Recently I have wondered if it was possible to mountain bike it instead. Well, today, I discovered you can’t.
This section of the Bruce was definitely not made for riding and took me up and down the Escarpment too many times. By the time I was finished, I was physically and emotionally exhausted.
At the time, it felt like I was in there for at least half an hour, if not more, I see now it was more like ten minutes of pure hell.
The worst part, I discovered a little while later, had I pressed along the closed road I would have found a construction access bridge at the bottom of the gully. Or, that looking back now, I see that if I took the time to measure both detours, I would have discovered that the road detour was only 2km longer.
On the flip side, I sometimes find that the moments where I faced the most adversity and managed to overcome them, are the moments I look back at with the most fondness. As of now, that’s holding true, and I got a great picture out of it.
By the time I was out, I was mentally exhausted. The ride out of St. Catharines had been much slower than expected, and my dreams of being home for dinner had faded away.
Thirty minutes later, my Garmin’s battery died, due to a faulty charging cable I used the night before.
I quickly checked the map on my phone and realized that with all the turns ahead I had no choice but to pull over and charge my Garmin, causing another unexpected thirty-minute rest break.
I was now almost three hours off my planned pace, and was wondering if I would finish before dark.
In the end, the additional thirty-minute delay worked out well. Once my Garmin was reasonably charged, I hopped back on the bike, where the route immediately took a turn off of King Street and began a 4km long climb up the Escarpment.
On the final push to the top, a group of riders caught up to me and they were kind enough to let me join them for the ride home.
Beamsville to the Finish
Although I had ridden with other groups for short sections, so far, the trip had been mostly a solo adventure. When planning the trip, I had fears that it may be too long to be done solo. The great thing about living in the age of technology is that I was never too far from a friendly face whenever required.
That said, riding with the group was a welcome change. The distraction of conversation got me out of my mental pity party of pain and had me riding strong again.
Now there is one problem with riding with others, and that is sometimes they blow by places that you want to stop and explore. Like this place along the Dofasco 2000 trail, just as you enter if off of Smith Rd.
Does anyone know what this otherworldly spot is?
At the time, I thought it was some sort of satellite graveyard. From my Google detective work, I now know that it must be a newer installation, still under construction, but nothing that indicates what it’s for.
A few minutes later we arrived at the 1.7km Dofasco 2000 Trail Boardwalk, taking you through the Vineland South Swamp.
The 10km of Dofasco Trail ended with a short out and back to the Devil’s Punch Bowl Lookout. The views from here are amazing and definitely a highlight moment of the trip.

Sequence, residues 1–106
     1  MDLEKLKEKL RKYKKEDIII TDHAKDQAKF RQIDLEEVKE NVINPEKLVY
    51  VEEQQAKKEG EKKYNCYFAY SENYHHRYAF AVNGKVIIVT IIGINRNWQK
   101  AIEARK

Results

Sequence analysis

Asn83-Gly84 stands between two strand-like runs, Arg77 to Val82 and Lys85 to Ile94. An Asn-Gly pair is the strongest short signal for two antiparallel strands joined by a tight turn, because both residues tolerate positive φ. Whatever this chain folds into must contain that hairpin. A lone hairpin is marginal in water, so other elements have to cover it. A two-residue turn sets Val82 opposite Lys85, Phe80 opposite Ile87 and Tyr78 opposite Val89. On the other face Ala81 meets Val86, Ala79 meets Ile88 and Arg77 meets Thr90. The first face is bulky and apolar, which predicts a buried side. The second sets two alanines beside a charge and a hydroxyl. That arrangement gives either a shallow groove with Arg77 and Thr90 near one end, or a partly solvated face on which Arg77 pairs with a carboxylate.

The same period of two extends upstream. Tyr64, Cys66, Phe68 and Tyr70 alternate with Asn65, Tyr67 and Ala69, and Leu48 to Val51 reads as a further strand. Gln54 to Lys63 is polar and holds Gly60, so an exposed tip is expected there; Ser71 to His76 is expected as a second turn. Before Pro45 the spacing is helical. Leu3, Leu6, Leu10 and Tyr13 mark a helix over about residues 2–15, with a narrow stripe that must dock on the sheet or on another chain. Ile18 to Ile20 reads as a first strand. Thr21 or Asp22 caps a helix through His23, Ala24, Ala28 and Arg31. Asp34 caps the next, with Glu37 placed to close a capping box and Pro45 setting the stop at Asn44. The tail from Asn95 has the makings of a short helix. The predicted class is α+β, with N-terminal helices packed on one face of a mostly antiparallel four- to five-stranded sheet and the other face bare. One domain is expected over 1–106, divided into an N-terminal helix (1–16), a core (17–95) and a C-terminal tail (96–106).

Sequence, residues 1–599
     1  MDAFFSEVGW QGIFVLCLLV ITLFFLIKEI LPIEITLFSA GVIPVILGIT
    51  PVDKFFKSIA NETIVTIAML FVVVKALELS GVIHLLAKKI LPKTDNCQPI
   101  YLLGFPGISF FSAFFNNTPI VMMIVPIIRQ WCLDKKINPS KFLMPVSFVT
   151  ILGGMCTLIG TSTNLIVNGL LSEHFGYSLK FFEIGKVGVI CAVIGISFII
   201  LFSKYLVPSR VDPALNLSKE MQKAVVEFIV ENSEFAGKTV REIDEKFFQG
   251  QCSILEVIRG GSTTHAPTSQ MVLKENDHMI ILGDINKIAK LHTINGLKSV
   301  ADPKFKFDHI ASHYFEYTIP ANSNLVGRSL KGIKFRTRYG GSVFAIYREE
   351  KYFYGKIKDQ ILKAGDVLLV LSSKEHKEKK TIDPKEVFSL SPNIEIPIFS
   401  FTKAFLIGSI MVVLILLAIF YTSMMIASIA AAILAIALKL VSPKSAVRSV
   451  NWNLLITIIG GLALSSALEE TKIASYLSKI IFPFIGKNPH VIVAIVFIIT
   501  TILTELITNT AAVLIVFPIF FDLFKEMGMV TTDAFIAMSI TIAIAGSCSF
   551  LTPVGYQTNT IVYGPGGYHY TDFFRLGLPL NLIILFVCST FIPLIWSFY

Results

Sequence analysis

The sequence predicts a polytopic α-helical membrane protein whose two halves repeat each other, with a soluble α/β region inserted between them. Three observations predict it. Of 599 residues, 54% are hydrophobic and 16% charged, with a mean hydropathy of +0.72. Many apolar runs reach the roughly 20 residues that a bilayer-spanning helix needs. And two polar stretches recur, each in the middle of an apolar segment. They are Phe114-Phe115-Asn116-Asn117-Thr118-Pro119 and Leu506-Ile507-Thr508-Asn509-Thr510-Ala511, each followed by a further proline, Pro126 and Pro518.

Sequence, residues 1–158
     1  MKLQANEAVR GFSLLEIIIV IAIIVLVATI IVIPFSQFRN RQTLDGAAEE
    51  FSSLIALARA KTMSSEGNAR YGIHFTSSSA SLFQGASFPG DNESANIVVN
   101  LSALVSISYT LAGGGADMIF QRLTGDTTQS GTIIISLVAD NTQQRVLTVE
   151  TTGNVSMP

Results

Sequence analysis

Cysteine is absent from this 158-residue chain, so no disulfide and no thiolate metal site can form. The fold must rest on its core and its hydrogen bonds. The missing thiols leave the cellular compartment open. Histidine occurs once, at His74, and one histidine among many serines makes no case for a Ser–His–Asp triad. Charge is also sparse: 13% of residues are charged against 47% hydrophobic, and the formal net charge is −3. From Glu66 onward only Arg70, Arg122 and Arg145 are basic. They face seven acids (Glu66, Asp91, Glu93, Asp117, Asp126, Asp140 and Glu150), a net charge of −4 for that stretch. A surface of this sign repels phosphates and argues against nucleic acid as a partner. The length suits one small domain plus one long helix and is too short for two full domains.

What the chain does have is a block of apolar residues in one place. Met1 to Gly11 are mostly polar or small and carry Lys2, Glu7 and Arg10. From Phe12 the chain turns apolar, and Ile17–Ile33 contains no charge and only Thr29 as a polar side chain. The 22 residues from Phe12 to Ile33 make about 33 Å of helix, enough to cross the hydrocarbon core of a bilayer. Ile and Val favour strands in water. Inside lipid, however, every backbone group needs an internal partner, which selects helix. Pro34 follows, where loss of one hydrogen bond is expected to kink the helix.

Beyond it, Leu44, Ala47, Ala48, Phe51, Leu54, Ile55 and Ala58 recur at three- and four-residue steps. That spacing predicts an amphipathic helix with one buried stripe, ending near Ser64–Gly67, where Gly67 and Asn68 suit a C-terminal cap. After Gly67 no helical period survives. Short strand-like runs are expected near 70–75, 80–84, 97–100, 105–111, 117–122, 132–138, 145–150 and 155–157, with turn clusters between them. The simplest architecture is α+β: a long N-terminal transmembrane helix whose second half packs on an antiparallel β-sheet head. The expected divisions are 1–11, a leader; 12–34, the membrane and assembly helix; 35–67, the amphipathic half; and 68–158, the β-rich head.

Although you can’t see it on the sign, both Space Balls and Bill and Ted’s Excellent Adventure are playing on screen 3.
There was one last bit of drama on the day. After leaving Devil’s Punch Bowl, we went through the Heritage Green Sports Park. The final few meters of trail, just before it ends at Echovalley Drive, was under construction.
The only option to bypass the construction was by hugging treeline and the edge of the fence. I led the group through this section, with my two new riding partners following closely behind. We must have upset a bee’s nest while in there because although I got through unscathed, the other two had five or six bites each.
They say that Hamilton is the Waterfall Capital of the World with over one hundred waterfalls within the city limits, including the picturesque Albion Falls. While I stopped for pictures, my new riding partners had dinner plans and continued on back to the finish.
While there I had a chance to chat with one of the guards who was telling me that it’s a $100 fine for jumping the fence, and a $10,000 fine if they have to rescue you. He told me that typically they issue multiple fines a day and perform several rescues a year.
FINISHING THE CANNONBALL 300
The ride from Albion Falls, was straight downhill for the next 6km along the Escarpment Rail Trail, freshening up my legs for the final push through Hamilton and into the Dundas Driving Park.
The frustration of being three hours off my pace had long since past. Instead, I was filled with the pride of knowing I finished the Cannonall 300 Bikepacking Route.
The ride was everything I wanted it to be, and it gave me memories that will last a lifetime. Including, perhaps my favourite memory of the trip, the road closure before Jordan, and the resulting hike a bike along the Bruce Trail.
Looking back, everyone I met along the trail was fantastic. The route itself is very well put together with an abundance of amazing things to see.
As our license plates used to, “Ontario, Yours to Discover”. It was both a great slogan and so very true.
Now, it’s time to figure out the timing of my next adventure, the 160km Durham Destroyer, later in September.
Thanks for reading,
What an fantastic experience for you.
Thank you for sharing this. Looking forward to hitting it this year, also my first attempt bikepacking.
Thanks for the comment. It’s a great little route perfect for a first bikepacking adventure. Would love your feedback when you do.